EpitaphClassic 80’s style Heavy/Doom Metal anyone? From an Italian band that were there the first time but have only just got around to re-recording their best tracks? A band that dress in silver pointy hats, fake Spock ears, skin-tight cropped pink T-shirts with kilts and flip-flops, have a pet dog called Fidoccine and go on tour in a lime green Reliant Robin Three wheeler? Well I’m sorry, I can’t deliver the third one, but if you like the sound of the first two then it’s your lucky day…even if you are gutted about the omission of the Reliant Robin…

Epitaph were one of the unsigned Italian Doom bands (the luckier ones to acquire a record deal included Sacrilege and Black Hole) of the late 80’s, who produced well received demos, big on the tape-trading circuit, but never really able to take the next step. I have a vague memory of a mate of mine playing me their first demo in about 1989, and I seem to remember thinking they sounded like a poorly produced version of Solitude Aeturnus or Candlemass. Which is a pretty good place to start on their description really, as there are still elements of both of those bands in the music and in the theatricality of the vocal delivery – though over-all sound-wise they come across not a million miles away from the recent “As Above, So Below” album by Angel Witch.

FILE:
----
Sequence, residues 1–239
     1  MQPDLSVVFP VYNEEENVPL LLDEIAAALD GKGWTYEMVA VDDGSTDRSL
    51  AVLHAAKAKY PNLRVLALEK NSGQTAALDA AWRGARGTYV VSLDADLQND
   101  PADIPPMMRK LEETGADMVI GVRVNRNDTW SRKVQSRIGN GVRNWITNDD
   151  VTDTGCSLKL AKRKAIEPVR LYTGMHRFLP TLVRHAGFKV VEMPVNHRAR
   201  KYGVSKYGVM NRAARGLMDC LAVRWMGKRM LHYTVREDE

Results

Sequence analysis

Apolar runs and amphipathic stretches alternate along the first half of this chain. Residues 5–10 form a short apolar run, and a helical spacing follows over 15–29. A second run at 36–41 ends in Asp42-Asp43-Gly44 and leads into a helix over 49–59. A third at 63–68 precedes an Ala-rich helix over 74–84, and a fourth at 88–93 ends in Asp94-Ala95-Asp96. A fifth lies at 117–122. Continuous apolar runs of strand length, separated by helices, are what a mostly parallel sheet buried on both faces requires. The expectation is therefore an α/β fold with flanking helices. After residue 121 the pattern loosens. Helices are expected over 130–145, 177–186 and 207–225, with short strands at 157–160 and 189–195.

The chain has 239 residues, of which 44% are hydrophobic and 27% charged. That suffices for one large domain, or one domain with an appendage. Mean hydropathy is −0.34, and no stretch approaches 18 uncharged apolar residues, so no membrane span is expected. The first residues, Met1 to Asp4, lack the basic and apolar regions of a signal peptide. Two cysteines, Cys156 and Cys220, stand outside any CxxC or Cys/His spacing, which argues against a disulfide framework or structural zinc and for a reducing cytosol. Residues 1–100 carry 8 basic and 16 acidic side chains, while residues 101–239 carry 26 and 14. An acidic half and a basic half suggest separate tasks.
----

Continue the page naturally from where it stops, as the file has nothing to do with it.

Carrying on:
There’s enough of a more modern Heavy/Doom sound to please fans of, say, Witchcraft (‘The Battle Of Inside’ has similar time changes and over-all feel), but on the whole I did mainly find myself thinking of Count Raven and St. Vitus through to early Trouble and the aforementioned Solitude Aeturnus (+ Candlemass with Robert Lowe). This isn’t slow Doom, it has many up-tempo parts (classic Heavy Metal really), slotted around heavy riff-driven plods, as was more the style back in the day. None of the songs sound dated, though thanks to the current climate they could also pass as “Retro” – but I’m not sure you can be retro if you were around originally, you are just being you…from then! The band has also kept it’s Italian-ness – it’s flair, it’s flamboyance, it’s disregard for what is ‘cool’ musically or vocally – it just does it’s thing, the way the songs were initially intended. Which shows the band were either just a few years too late or very unlucky not to get signed the first time around.

No song stands out as being massively different from another, because there is a real flow and continuity to the album which is a great achievement for songs that were written over a period of years. Every song is over 6 minutes long too which lends them a more epic quality and kind of allows each song to really stretch it’s legs and evolve. The similarity of style to recent Angel Witch (that I keep returning to) just backs up it’s relevance to a current audience as well as 80’s Doom officianados. It’s great that these tracks have been updated and are available to a wider audience – and given the feel of the whole project, the ltd. vinyl might just be on my future shopping list too (not least because the vinyl bonus track is a fabulous creepy semi-acoustic track with a killer solo!)

(7.5/10 Andy Barker)